Switched Capacitor Filters |
About Switched Capacitor Filters
Switched capacitor filters are normally used in an integrated circuit product environment, resistors are expensive and not easily controlled. Switched capacitors may be used to simulate resistors to an acceptable degree of accuracy using capacitors and mosfets, and are generally less costly than resistors. The switching functions of the mosfets produces a discrete response rather than a continuous response from the filter. Therefore, Z Transforms are employed rather than S Transforms, and, just as in digital filters, aliasing effects occur. Any Z Transform approximation to a continuous function may be used to design a switched capacitor filter. However, it is generally desirable to use the Z Transform that results in the smallest capacitor spread.. Filter Solutions offers six IIR Z Transforms to choose from, and has the option of selecting the design with the smallest capacitor spread. Care must be taken to insure that the Z Transform is acceptably accurate given the design requirements. The design with the best capacitor spread is not necessarily the best design to use due to unacceptable accuracy.
Switched capacitors may simulate positive resistors or negative resistors. Positive resistors may float, and are treated as constants in the Z Transform. Negative resistors may not float and are treated as a constant with a single frame delay in the Z Transform.
Positive Switched Capacitors and Modal | Negative Switched Capacitors and Modal |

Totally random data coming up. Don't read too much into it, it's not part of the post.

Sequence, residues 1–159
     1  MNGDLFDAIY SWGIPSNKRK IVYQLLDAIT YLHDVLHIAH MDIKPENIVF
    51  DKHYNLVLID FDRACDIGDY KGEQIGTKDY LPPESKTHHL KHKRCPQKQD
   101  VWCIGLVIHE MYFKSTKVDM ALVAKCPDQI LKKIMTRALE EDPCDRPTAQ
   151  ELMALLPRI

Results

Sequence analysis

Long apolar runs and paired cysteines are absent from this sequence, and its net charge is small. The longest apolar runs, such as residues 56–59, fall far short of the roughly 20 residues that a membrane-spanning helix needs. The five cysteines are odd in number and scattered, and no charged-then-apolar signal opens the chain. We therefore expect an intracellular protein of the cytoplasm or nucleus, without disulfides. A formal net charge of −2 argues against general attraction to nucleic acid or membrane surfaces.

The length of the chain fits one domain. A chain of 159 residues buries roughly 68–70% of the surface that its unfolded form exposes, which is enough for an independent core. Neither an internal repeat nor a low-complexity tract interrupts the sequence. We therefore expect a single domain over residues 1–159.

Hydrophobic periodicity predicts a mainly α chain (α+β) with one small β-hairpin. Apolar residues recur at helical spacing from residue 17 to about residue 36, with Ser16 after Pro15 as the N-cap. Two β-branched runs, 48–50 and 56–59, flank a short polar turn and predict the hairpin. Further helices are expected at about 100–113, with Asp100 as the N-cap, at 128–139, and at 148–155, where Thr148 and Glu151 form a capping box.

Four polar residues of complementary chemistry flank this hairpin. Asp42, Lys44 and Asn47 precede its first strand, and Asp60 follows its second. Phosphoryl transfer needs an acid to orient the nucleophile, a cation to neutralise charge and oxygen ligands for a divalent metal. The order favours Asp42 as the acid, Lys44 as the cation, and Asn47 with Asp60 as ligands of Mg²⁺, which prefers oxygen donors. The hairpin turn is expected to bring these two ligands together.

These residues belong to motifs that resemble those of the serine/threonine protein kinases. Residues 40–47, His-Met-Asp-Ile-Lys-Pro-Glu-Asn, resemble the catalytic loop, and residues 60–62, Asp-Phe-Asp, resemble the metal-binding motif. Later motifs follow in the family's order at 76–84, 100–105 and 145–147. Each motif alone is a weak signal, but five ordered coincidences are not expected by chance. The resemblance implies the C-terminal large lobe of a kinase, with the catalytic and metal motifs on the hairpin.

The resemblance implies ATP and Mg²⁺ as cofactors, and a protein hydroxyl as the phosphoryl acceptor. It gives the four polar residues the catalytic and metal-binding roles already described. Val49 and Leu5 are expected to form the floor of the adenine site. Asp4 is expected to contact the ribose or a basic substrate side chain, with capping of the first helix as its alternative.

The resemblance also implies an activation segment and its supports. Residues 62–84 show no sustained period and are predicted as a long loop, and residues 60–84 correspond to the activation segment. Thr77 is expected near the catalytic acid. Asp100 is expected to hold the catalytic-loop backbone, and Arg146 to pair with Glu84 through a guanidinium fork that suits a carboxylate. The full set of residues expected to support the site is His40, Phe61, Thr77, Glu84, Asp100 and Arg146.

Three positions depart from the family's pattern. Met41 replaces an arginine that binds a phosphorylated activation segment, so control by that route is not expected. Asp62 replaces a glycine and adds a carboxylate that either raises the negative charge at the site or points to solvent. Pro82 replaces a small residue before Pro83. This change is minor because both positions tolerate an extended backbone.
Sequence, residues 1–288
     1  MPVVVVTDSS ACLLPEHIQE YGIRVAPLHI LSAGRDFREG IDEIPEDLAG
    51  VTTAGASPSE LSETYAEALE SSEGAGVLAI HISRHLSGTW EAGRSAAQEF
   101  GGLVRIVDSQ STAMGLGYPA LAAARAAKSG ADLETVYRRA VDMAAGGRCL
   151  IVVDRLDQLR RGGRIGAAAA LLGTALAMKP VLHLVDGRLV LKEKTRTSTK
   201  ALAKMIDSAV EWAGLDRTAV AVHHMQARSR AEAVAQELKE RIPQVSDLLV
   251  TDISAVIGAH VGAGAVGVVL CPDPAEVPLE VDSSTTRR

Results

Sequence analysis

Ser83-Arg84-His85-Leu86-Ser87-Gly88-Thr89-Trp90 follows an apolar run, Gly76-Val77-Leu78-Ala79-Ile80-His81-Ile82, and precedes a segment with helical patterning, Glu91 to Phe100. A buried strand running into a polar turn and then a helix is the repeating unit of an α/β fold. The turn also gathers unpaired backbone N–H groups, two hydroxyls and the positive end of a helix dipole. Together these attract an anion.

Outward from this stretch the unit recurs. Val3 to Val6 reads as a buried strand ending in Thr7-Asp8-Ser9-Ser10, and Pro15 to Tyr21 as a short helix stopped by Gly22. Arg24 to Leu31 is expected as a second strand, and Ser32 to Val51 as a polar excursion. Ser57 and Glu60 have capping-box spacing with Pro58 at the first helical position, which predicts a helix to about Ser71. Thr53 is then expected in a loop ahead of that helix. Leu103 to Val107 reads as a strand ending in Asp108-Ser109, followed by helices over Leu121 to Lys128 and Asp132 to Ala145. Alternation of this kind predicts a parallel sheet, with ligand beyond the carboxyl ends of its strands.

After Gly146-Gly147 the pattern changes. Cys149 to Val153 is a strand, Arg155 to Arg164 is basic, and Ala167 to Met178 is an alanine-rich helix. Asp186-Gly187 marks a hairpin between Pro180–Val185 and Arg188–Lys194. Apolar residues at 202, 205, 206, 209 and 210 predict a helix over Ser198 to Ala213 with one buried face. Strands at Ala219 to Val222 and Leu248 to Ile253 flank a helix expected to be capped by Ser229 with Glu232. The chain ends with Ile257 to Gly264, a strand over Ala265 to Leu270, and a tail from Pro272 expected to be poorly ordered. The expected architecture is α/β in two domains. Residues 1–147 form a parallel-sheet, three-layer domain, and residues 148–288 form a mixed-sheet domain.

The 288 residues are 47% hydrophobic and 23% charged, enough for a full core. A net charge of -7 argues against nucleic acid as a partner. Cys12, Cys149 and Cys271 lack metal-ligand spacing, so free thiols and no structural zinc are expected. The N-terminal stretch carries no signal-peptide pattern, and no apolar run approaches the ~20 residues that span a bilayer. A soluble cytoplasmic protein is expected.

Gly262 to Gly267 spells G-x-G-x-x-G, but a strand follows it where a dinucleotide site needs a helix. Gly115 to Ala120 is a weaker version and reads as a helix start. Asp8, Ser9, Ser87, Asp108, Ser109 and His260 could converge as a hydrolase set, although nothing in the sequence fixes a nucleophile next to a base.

Note that the negative switched capacitors do not float. It is also critical that the clock DOES NOT OVERLAP with its invert. Switch polarities are user optional, but the polarity definition must be followed everywhere in the filter.
Filter Solutions supports both cascade and parallel biquads. The cascade architecture produces higher quality stop band zeros, and the parallel architecture may minimize errors to do op amp parasitics. The following are examples of a 1MHz third order Elliptic filter.
Cascade Architecture
Parallel Architecture
Second order biquad stages may be arranged in a high Q or low Q configuration. In general, the low Q configuration produces a more desirable capacitor spread for Q below 1.0, and the high Q configuration does better for Q above 1.0. This rule does not always apply though, so Filter Solutions calculates both stages, and then uses the stage with the lowest Q. The user has the capability of selecting the other stage configuration by left clicking on an op amp. The following example is a fourth order Butterworth filter composed of a low Q stage and a high Q stage.
Low Q Stage
High Q Stage
Filter Solutions offers six IIR Z Transforms to choose from to approximate a continuous filter. In Summary, they are:
Bilinear
The Bilinear uses trapezoidal integration to implement the digital Z
transform. It is usually the most accurate digital implementation for filtering
a continuous variable. However, significant warping of the frequency spectrum
occurs. Prewarping is also an available option.
Matched Z
The Matched Z transform employs a basic simple method of translating analog
poles and zeros to digital poles and zeros on the cascaded continuous transfer
function..
Impulse Invariant
The Impulse Invariant transformation retains the exact impulse response of
the analog system. It is desirable in cases where the impulse time response of
the filter is important to be retained. The transformation is properly
performed on the parallel transfer function.
Step Invariant
The Step Invariant transformation retains the exact impulse response of the
analog system. It is desirable in cases where the step time response of the
filter is important to be retained. The transformation is properly performed on
the parallel transfer function.
Modified Impulse Invariant
The Modified Impulse Invariant transformation performs an Impulse Invariant
computation on the cascaded transfer function biquads instead of the parallel.
This introduces slight errors in the impulse response, but has the benefit of
sometimes resulting in a smaller capacitor spread.
Modified Step Invariant